Gilchrist had spent a decade spying on an assortment of protest and activist groups, including the Workers Party. As far as we are aware he was forwarding to the police WP discussion emails for around 10 months in 2003-2004. He was taken off the party discussion group on 1 March 2004.

We reprint below an article on the expansion of the state’s snooping powers from The Spark 9 February 2005.

Civil rights fast disappearing

-Daphna Whitmore

Allegations in 2004 that the Secret Intelligence Service have been spying on political figures, including Maori Party co-leader Tariana Turia, have been met with loud denials from the Prime Minister. As much as Ms Clark would like the public to think the allegations are preposterous it wouldn’t be the first time the SIS has gone beyond its extensive powers.

In 1996 an SIS agent was caught carrying out an illegal break-in and burglary of the home of political activist Aziz Choudry. A court later awarded Mr Choudry compensation for the illegal actions of the SIS. The government then promptly passed a law to legalise such break-ins, giving the SIS further powers to carryout home invasions. It was one of many instances in recent years where civil rights have been abolished in the name of “national security”.

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Low productivity - situate the blame with the bosses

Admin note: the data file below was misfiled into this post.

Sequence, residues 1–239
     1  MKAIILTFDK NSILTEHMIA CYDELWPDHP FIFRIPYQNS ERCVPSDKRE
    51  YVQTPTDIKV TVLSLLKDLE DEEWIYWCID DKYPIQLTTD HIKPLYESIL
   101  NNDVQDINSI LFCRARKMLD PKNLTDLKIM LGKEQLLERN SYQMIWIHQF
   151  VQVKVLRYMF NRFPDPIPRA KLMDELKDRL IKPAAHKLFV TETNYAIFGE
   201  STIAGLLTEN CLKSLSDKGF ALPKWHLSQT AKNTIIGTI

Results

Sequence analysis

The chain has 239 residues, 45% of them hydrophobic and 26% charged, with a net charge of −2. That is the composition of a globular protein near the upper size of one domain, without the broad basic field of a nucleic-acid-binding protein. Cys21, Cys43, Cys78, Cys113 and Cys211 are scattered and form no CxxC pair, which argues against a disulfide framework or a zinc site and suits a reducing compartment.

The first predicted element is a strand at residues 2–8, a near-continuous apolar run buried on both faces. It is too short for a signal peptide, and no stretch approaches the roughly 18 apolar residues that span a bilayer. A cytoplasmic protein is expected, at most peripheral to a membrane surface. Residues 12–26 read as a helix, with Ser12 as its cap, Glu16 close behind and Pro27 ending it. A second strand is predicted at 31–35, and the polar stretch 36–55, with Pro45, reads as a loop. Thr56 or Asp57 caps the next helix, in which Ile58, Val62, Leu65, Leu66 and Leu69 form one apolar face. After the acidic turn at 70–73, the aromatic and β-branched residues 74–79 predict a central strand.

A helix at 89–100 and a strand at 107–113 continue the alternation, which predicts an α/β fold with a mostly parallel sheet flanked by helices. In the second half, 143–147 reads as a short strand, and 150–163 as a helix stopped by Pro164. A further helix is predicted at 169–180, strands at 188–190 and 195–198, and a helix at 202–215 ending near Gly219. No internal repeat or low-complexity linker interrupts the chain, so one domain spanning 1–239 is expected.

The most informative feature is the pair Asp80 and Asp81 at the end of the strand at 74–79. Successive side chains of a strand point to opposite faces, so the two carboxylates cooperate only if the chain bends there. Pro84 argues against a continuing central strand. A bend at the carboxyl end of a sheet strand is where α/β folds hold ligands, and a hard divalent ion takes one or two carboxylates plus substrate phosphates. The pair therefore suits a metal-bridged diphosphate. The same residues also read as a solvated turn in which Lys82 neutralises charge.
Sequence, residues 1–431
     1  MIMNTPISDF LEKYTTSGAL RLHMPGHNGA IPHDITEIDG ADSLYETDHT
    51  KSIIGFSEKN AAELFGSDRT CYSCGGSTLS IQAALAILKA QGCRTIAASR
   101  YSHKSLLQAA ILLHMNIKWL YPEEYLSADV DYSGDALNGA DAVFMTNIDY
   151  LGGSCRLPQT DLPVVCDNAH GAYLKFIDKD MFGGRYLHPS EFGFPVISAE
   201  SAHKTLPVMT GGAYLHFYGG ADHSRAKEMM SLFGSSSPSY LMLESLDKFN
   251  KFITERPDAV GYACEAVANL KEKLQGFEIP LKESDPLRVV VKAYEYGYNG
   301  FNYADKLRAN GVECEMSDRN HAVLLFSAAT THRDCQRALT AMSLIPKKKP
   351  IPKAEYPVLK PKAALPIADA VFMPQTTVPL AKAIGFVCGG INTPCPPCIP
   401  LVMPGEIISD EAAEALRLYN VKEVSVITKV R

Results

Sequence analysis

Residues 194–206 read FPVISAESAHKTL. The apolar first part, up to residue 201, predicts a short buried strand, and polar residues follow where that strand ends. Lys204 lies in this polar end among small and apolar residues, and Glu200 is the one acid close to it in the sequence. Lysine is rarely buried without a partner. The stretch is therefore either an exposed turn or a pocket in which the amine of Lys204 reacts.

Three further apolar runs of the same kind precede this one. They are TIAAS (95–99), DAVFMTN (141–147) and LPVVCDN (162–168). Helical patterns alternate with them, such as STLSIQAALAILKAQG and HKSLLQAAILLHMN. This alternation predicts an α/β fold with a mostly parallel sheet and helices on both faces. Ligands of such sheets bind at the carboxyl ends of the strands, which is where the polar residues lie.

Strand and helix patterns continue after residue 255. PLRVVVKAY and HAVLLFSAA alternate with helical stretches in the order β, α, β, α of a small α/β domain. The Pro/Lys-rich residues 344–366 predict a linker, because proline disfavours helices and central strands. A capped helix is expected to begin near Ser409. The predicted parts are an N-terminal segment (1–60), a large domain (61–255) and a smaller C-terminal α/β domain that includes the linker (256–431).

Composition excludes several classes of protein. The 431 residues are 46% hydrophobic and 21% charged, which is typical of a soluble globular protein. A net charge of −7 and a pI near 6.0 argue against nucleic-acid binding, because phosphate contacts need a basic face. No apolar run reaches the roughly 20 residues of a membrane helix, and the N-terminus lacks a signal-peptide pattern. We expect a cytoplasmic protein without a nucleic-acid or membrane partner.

December 15, 2008

Philip Ferguson The Spark December 2005

One of the big myths perpetrated by bosses is that big profits are needed in order for companies to reinvest in expanding production and therefore hiring more workers and increasing pay. More ‘freedom’ for employers was one of the big slogans of the ‘new right’ economic reforms of the fourth Labour government and its National successor.

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Sack the bosses

December 12, 2008

john-key-houseA dozen activists from Socialist Aotearoa, the Workers Party and the Greens protested outside John Key’s house today, against the passing of the 90-day bill. The new law which comes into force in March 2009 gives small employers the right to sack staff in the first 3 months without legal redress.

The noisy protest ruffled the feathers of some of the residents of Key’s leafy neighbourhood. Some parents complained saying “there are children in the area, you know!” But rather than being horrified by the picket a large bunch of 8 to 14 year olds joined in, obviously enjoying the picket theatrics.

The picketers chanting “So it didn’t take you long; workers rights down the John” got some disapproving looks from the Range Rover mums, but lots of support from the younger set.

Film review: Brokeback Mountain

December 11, 2008

Brokeback Mountain, the film of the Annie Proulx novella about the love affair between two lonesome cowboys, has inevitably sparked a series of internet jokes about life on the range.  The film would probably have the likes of John Wayne spinning in his grave (then again, Wayne’s real name was Marion Morrison).

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Capitalism’s currency craziness

December 11, 2008

Philip Ferguson The Spark August 2006

Every few months exchange rates feature as a point of discussion about the state of the New Zealand economy.  For many people it must seem odd that both a “high” and “low” New Zealand dollar are presented as problematic.  What is going on?  Does it really matter?